Christian psychologists, Dr. Henry Cloud and Dr. John Townsend, present biblical principles for nurturing moral character and responsible behavior in children.
Archive for Adult Book Reviews
Boundaries With Kids: When to Say YES, When to Say NO, to Help Your Children Gain Control of Their Lives, by Dr. Henry Cloud and Dr. John Townsend (c1998)Posted by: csatta | February 5, 2012 | No Comment |
Louie Zamperini, Olympic runner, joins the U.S. Army Air Corps in 1941. As a bombadier aboard a B-24, he defies death and escapes enemy fire while flying dangerous missions. Nevertheless, the day comes when his plane goes down in the Pacific Ocean, and Louie must survive the terrors of the open waters as well as enemy-occupied land.
Never was there a more fitting title for a book. Louie’s spirit, from childhood on, was indomitable. Yet the unimaginable things he experienced during World War II brought him to the brink of destruction. Like many war veterans, his body returned from the war but his mind and spirit were not at peace. That is, until one blinding moment of redemption, when everything changed for Louie Zamperini.
In true John Piper style, this book is both scholarly and practical. (John Piper might say that the whole point of this book is that scholarship is very practical!)
On the scholarly side, the author makes a case against relativism and Christian anti-intellectualism and discusses the role of thinking when a person comes to faith.
Most meaningful to me was Piper’s teaching on what it means to love God with our all our minds.
“I wrote this book to remind myself of the place of thinking in the pursuit of God.” (p. 18)
“Thinking is indispensable on the path to passion for God. Thinking is not an end in itself. Nothing but God himself is finally an end in itself. Thinking is not the goal in life. Thinking, like nonthinking, can be the ground for boasting. Thinking, without prayer, without the Holy Spirit, without obedience, without love, will puff up and destroy (1 Cor. 8:1). But thinking under the mighty hand of God, thinking soaked in prayer, thinking carried by the Holy Spirit, thinking tethered to the Bible, thinking in pursuit of more reasons to praise and proclaim the glories of God, thinking in the service of love–such thinking is indispensable in a life of fullest praise to God.” (p.27)
“. . . the mind is mainly the servant of the heart. That is, the mind serves to know the truth that fuels the fires of the heart. The apex of glorifying God is enjoying him with the heart. But this is an empty emotionalism where that job is not awakened and sustained by true views of God for who he really is.” (p.36-37)
“Thinking and knowing are given to us by God for the purpose of loving God and loving people.” (p.160)
“Without a profound work of grace in the heart , knowledge–the fruit of thinking–puffs up. But with that grace, thinking opens the door of humble knowledge. And that knowledge is the fuel of the fire of love for God and man. If we turn away from serious thinking in our pursuit of God, that fire will eventually go out.”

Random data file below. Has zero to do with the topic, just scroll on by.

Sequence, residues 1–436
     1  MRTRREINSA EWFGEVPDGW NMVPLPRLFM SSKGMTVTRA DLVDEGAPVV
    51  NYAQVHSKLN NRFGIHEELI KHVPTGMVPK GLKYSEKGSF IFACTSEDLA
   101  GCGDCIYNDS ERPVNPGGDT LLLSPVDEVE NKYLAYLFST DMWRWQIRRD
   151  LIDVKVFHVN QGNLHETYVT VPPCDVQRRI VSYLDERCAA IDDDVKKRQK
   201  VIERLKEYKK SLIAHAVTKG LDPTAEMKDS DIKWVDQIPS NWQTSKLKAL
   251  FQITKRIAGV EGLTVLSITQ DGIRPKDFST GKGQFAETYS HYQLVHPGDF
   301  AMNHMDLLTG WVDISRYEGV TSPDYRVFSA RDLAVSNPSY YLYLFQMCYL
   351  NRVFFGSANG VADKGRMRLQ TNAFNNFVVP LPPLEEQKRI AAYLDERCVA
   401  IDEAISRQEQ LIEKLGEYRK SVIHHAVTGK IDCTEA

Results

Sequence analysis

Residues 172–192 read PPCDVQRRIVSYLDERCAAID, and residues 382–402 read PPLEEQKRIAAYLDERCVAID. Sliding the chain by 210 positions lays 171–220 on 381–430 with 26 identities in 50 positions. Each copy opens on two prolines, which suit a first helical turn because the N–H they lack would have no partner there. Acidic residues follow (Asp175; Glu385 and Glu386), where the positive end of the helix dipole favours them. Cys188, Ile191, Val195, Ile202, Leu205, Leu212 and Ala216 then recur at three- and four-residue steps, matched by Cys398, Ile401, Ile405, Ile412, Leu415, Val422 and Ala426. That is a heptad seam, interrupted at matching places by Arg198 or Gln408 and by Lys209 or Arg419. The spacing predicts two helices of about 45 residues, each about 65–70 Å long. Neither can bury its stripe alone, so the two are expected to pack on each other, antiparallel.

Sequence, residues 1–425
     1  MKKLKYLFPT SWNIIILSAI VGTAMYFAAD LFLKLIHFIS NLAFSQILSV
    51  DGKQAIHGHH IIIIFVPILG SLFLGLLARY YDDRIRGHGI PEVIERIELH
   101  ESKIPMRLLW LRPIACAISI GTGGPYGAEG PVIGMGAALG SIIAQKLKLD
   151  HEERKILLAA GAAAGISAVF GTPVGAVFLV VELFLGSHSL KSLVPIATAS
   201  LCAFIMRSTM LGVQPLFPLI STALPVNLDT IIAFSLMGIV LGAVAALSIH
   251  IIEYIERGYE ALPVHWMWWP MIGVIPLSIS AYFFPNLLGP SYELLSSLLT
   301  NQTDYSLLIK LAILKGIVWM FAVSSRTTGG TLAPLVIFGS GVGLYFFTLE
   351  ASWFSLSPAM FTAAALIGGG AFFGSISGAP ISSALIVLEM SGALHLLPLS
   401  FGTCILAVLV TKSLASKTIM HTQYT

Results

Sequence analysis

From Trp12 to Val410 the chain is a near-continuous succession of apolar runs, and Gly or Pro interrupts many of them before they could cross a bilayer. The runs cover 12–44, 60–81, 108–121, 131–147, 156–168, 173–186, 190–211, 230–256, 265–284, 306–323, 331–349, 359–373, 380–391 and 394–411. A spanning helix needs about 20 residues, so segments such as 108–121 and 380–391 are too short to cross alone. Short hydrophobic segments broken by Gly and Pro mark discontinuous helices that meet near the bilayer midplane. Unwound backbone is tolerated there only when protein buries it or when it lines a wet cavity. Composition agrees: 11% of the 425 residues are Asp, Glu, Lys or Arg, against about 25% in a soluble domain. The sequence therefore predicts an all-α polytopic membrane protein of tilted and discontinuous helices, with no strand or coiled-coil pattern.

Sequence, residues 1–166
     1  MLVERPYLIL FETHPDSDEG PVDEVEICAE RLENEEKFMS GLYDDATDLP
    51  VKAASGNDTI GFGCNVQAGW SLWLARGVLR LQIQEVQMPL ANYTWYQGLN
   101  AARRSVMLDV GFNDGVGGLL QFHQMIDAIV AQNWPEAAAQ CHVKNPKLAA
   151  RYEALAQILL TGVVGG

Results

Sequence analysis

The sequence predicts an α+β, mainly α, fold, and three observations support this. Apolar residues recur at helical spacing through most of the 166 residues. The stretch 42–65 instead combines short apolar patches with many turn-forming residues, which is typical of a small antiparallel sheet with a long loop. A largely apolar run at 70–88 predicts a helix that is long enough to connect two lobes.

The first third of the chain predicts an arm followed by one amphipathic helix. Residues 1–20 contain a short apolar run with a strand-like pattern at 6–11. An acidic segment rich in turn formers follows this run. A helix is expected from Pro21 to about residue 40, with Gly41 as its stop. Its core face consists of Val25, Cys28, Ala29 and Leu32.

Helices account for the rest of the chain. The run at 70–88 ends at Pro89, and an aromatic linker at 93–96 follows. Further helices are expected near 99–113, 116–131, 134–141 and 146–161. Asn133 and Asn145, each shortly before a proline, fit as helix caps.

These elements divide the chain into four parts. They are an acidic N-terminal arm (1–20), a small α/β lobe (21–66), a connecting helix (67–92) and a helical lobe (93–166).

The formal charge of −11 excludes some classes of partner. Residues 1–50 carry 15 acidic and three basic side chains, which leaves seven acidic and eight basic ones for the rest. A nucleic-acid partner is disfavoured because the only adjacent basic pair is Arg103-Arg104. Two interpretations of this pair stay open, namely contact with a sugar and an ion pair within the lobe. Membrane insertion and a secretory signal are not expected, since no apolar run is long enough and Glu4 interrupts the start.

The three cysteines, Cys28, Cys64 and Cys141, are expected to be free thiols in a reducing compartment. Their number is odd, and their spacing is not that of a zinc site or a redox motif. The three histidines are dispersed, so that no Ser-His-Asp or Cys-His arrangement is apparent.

It’s 1962, and aspiring author, Skeeter Phelan, decides to write a book about the experiences of black maids working for white employers in Jackson, Mississippi.
As a well-to-do native of Jackson, Skeeter was lovingly raised by a black maid. Although she is sympathetic to the winds of social change, Skeeter finds it difficult to gain the trust of the maids who fear the potentially horrific backlash for their truth-telling.
Skeeter’s own social life is up-ended as she increasingly distances herself from people who treat blacks as inferior or who do not have the moral courage to care or help bring about change.
Told in the first person with alternating chapters for “Miss Skeeter” and two of the maids, Aibilene and Minny, the immediacy of the story draws the reader into the maids’ world as well as that of a white woman who witnesses things from both sides of the fence.
Although significant events such as the murder of Medgar Evers are interjected, the story mainly focuses on these hard-working women–the injustices they faced as well as the loving bonds forged with some of their employers’ family members.
The author, Kathryn Stockett, was born and raised in Jackson, Mississippi, and was sweetly nurtured by a black maid named Demetrie. Kathryn says, in her own words at the end of the book,
I’m pretty sure I can say that no one in my family ever asked Demetrie what it felt like to be black in Mississippi, working for our white family. . . . I have wished, for many years, that I’d been old enough and thoughtful enough to ask Demetrie that question. She died when I was sixteen. I’ve spent years imagining what her answer would be, and that is why I wrote this book.
This #1 New York Times bestseller let me “walk in another man’s moccasins.” I’m grateful for that.
I object to the prurient incident of a naked house intruder. In addition, although the considerable amount of swearing is probably authentic, I wish that my Lord’s name had not been taken in vain.